Such ambiguity only invites precipitate military action by China against Taiwan in order to preempt a solid U.S.-Japan commitment to defend the island democracy. If China attacks Taiwan before the United States and allies make such a commitment, it might get away with the invasion and suffer no direct military retaliation. Russia achieved this with Crimea and Eastern Ukraine, despite a 1994 U.S. and UK treaty commitment to assure Ukraine’s territorial integrity when the country gave up its nuclear weapons.

As the only Chinese democracy in the world, Taiwan is critical as an exemplar for mainland China and Singapore, both of which have Chinese-majority populations, and both of which suffer under authoritarian forms of government. Democratization of China is important for long-term peace and security internationally, as the Chinese Communist Party (CCP) appears to be doubling down on its authoritarian model, which it apparently believes is more efficient than democracy. The CCP is also pushing the country to militarize and threaten war against not only Taiwan, but the Philippines and the United States as well. China’s military is taking over territory inside the borders of India and Bhutan, as well as grabbing maritime territory from the South China Sea five: the Philippines, Vietnam, Indonesia, Malaysia, and Brunei. The China threat is real.

Aso’s statement, and 2015 legislation that facilitates Japan’s defense of allies even if Japan is not directly attacked, are incremental forms of progress.

But, a true commitment to Taiwan’s defense would include not only a clear verbal commitment, as Aso is moving towards, but a multilateral defense treaty similar to that of NATO, along with international troop emplacements on the island, and encouragement of Taiwan to obtain its own nuclear deterrent. The failure of the international community of democracies to fully support their fellow democracy in these ways is what leads Xi Jinping to think he can get away with an invasion of Taiwan without serious military repercussions. If he follows through with his plan, we have only ourselves to blame, and the blood will be on all of our hands.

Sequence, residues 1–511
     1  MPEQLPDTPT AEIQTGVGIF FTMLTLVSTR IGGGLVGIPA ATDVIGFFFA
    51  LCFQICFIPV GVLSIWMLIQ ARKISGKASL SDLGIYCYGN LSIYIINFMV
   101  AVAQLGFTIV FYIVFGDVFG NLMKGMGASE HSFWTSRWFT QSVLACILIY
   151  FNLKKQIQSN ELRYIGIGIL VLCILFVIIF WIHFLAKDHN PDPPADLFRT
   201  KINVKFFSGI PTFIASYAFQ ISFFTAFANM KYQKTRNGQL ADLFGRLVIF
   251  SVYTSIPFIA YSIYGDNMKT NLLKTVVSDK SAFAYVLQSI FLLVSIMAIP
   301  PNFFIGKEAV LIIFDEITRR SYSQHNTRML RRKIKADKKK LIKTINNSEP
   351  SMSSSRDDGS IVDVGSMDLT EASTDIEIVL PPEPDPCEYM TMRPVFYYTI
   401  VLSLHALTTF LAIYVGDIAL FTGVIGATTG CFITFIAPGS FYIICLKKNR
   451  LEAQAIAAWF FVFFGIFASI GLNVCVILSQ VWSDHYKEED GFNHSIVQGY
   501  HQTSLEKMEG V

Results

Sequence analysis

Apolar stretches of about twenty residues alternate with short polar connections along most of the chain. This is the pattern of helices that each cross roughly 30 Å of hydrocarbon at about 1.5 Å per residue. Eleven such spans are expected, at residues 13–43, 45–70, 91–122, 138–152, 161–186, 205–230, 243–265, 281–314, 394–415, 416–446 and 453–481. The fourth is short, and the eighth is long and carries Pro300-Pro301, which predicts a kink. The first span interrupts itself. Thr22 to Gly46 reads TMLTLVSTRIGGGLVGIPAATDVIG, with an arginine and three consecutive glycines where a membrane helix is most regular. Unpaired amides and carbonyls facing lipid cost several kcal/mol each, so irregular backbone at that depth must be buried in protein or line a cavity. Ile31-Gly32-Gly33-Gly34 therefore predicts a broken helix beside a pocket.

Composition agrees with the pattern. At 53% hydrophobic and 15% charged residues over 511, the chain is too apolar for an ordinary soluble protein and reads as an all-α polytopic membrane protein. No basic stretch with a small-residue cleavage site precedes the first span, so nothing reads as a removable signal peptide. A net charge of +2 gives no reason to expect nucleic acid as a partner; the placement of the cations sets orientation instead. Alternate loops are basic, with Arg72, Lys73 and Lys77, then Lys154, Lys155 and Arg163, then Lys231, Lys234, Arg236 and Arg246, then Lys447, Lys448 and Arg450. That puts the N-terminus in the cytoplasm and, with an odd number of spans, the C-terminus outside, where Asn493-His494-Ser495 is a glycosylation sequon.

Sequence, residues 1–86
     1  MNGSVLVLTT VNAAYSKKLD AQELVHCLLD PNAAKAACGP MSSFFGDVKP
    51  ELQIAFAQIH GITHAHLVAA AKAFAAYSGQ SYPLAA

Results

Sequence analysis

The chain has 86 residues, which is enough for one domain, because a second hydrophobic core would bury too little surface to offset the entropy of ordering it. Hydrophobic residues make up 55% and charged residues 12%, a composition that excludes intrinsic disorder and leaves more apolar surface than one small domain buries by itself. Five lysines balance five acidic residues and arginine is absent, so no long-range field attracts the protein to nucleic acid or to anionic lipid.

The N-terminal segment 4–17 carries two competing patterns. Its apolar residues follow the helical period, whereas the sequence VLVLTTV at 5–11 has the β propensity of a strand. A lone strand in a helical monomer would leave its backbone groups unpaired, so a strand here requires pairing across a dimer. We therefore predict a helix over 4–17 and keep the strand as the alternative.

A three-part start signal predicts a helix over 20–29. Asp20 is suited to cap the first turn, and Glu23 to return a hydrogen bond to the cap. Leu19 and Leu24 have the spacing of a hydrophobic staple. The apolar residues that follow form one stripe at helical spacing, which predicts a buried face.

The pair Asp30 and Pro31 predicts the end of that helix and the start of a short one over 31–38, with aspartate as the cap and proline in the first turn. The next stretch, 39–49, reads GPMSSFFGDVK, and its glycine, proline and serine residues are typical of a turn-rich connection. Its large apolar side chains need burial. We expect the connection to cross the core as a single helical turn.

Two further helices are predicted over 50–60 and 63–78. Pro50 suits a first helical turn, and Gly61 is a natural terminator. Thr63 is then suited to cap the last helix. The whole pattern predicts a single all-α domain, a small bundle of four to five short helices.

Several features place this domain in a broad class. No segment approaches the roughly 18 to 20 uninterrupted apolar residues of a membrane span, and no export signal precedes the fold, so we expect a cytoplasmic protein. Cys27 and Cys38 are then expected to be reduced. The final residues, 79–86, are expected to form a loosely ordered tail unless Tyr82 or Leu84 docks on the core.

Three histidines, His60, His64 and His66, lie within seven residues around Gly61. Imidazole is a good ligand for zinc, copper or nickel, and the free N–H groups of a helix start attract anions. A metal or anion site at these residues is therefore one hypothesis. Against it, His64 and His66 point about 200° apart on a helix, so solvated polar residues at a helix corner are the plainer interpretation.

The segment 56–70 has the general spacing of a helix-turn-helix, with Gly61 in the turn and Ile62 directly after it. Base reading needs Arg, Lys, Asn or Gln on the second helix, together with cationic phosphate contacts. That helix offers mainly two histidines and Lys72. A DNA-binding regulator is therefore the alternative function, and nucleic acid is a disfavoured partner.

Anders Corr has a bachelor’s/master’s in political science from Yale University (2001) and a doctorate in government from Harvard University (2008). He’s a principal at Corr Analytics Inc., publisher of the Journal of Political Risk, and has conducted extensive research in North America, Europe, and Asia. He authored “The Concentration of Power” (forthcoming in 2021) and “No Trespassing,” and edited “Great Powers, Grand Strategies.”

Views expressed in this article are the opinions of the author and do not necessarily reflect the views of The Epoch Times.

Anders Corr
Anders Corr
Anders Corr has a bachelor's/master's in political science from Yale University (2001) and a doctorate in government from Harvard University (2008). He is a principal at Corr Analytics Inc., publisher of the Journal of Political Risk, and has conducted extensive research in North America, Europe, and Asia. He authored “The Concentration of Power” (forthcoming in 2021) and “No Trespassing,” and edited “Great Powers, Grand Strategies.”